VMware 5.0 Licensing Changes: Your voices have been heard

VMware 5.0 Licensing Changes: Your voices have been heard

Summary: VMware alters its 5.0 licensing model based upon customer feedback. Toast the company that listens to its constituents. Can a company run for public office?

TOPICS: VMware, Telcos

Do you think big companies don't listen to your insignificant voice? Ordinarily, I might agree that they don't. I would join the chorus in saying that big corporations bow to their boards and investors. And, we'd be right. However, VMware is different. They don't have to be different but they are. VMware is the Microsoft of the virtualization space and they don't have to pander to anyone's murmuring, complaining or whining. They could hold you for ransom. Some of you thought that's exactly what was happening with the new VMware 5.0 licensing model announced in mid-July. Today, VMware shows that its focus is on you, the customer.

They have heard your voice and have answered you.

The following is the meat of their announcement:

Nonetheless, these changes have generated a great deal of discussion and debate in the blogosphere, across the VMware communities, and in direct conversations with customers and partners. Some of the discussion has reflected confusion about technical terms and the exact nature of the changes. Other comments are more specific to customer and partner use cases and future planning. In all instances, we have been watching the commentaries on the blogs very carefully, and we have been listening to customers very intently. We have collected a huge amount of feedback about the impact of the new licensing model on every possible use case and scenario.

We are a company built on customer good will, and we take customer feedback to heart. Our primary objective is to do right by our customers. Therefore, we are announcing three changes to the vSphere 5 licensing model that address the three most recurring areas of customer feedback: We've increased vRAM entitlements for all vSphere editions, including the doubling of the entitlements for vSphere Enterprise and Enterprise Plus. We've capped the amount of vRAM we count in any given VM, so that no VM, not even the "monster" 1TB vRAM VM, would cost more than one vSphere Enterprise Plus license. We've adjusted our model to be much more flexible around transient workloads and short-term spikes that are typical in environments such as test & dev. Summary of Changes and Impacts Below is a description of what we have heard from our customers and partners, the changes we are making, and the positive impacts we expect they will have:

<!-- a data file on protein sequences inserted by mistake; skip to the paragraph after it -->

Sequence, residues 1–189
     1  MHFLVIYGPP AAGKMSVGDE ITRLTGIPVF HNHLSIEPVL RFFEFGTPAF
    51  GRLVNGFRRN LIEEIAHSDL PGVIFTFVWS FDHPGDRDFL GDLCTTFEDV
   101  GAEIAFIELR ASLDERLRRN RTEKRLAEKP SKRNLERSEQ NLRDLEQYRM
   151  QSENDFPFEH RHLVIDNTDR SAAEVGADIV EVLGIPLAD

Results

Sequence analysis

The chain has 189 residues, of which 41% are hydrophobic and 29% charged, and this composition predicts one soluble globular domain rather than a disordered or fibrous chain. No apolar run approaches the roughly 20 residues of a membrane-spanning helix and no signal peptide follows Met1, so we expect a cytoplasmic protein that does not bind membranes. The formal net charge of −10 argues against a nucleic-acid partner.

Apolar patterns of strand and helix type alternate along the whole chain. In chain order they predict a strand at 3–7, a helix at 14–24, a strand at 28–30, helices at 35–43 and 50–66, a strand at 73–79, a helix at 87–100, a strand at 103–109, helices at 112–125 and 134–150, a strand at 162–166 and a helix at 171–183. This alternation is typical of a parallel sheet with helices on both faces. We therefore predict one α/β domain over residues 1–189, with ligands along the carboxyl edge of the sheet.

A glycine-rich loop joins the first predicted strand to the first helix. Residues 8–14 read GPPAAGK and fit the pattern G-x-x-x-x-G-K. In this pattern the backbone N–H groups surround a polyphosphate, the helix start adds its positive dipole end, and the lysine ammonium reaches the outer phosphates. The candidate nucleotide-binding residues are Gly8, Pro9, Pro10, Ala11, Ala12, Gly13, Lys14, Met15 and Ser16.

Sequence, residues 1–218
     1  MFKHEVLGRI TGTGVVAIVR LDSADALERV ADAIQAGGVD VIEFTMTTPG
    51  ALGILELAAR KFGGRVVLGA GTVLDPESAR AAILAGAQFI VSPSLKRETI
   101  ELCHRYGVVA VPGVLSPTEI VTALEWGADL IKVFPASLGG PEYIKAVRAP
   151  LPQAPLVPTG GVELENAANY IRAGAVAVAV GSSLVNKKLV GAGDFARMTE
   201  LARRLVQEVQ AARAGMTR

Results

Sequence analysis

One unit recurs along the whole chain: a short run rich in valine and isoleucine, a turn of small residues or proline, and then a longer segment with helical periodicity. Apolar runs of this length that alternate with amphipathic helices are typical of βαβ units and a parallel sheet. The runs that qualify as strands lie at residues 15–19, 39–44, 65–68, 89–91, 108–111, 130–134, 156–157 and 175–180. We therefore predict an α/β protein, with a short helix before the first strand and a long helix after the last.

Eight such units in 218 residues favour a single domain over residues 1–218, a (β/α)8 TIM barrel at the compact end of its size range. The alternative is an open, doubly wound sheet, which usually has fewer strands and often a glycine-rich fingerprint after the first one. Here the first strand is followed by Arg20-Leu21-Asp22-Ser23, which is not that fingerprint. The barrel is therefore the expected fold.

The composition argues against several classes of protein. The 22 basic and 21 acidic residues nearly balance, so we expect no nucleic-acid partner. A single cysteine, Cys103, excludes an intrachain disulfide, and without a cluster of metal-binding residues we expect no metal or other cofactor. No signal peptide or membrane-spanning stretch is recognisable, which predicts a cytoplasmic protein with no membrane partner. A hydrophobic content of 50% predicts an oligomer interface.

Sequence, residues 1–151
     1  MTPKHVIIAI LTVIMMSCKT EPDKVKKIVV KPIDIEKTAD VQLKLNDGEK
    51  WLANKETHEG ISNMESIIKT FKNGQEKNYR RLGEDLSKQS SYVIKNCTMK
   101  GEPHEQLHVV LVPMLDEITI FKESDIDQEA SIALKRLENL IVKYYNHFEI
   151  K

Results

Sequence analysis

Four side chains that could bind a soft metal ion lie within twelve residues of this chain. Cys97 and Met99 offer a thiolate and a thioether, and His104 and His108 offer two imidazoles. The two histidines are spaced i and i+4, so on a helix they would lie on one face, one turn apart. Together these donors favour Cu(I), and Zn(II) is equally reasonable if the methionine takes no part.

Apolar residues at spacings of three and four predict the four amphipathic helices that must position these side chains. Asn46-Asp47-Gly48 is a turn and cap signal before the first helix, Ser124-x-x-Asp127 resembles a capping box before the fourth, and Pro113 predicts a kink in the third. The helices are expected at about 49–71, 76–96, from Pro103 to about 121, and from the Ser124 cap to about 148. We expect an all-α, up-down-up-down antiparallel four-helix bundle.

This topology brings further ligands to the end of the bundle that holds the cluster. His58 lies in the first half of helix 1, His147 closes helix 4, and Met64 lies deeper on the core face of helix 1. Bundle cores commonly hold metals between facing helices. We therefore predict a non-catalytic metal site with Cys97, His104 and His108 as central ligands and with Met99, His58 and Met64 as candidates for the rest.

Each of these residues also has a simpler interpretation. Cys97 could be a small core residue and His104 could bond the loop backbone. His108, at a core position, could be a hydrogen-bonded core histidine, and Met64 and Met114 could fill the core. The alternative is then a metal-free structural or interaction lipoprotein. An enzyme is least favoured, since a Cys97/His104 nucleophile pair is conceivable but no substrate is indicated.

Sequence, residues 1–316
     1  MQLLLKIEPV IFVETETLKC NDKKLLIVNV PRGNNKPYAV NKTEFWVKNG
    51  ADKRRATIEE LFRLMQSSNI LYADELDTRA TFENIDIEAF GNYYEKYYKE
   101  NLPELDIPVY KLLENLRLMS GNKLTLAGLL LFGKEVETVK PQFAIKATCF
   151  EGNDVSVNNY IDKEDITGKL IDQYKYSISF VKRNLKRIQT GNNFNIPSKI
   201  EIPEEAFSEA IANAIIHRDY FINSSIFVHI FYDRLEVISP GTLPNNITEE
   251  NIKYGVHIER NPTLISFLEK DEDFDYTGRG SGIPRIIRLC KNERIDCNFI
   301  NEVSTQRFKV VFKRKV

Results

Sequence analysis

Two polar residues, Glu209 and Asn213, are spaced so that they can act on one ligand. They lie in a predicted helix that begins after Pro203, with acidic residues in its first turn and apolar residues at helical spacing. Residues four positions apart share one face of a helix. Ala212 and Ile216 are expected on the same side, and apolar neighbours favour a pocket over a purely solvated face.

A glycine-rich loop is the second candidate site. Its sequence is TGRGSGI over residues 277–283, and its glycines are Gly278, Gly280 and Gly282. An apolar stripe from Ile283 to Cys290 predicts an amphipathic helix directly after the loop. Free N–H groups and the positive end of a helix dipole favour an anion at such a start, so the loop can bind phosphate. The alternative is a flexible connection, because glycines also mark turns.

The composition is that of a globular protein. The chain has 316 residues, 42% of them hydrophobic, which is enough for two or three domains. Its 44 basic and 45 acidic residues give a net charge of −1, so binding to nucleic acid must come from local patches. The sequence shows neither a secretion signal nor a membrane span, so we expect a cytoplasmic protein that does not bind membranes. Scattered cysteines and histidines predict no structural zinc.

Customer feedback Changes to the vSphere 5 licensing model Impact

The vSphere 5 licensing model…

1. Affects only a small percentage of customers today, but customers are concerned about their future-looking business cases based on powerful new hardware capabilities. Substantially raise the vRAM entitlements per vSphere edition from 48/32/24/24/24 GB to 96/64/32/32/32 GB. With these increased vRAM entitlements, hardly any customer will be impacted by higher licensing costs upon upgrading to vSphere 5.

2. Introduces additional hesitation for virtualizing business-critical apps. Cap the amount of vRAM counted per VM at 96GB.¹ No application, no matter how big, will require more than one vSphere (Ent+) license to be virtualized.

3. Penalizes short-lived usage "spikes" in dev & test, and transient VMs. Calculate a 12 month average of consumed vRAM rather than a high water mark. Short lived "spikes" will increase the 12-month average in a minimal way, but a customer will not be required to pay for them in perpetuity.

To recap, here is a comparison of the previously announced and the currently unveiled vSphere 5 vRAM entitlements per vSphere edition.

vSphere editionPrevious vRAM entitlementNew vRAM entitlement
vSphere Enterprise+48 GB96 GB
vSphere Enterprise32 GB64GB
vSphere Standard24 GB32 GB
vSphere Essentials+24 GB32 GB
vSphere Essentials24 GB32 GB
Free vSphere Hypervisor8 GB32 GB²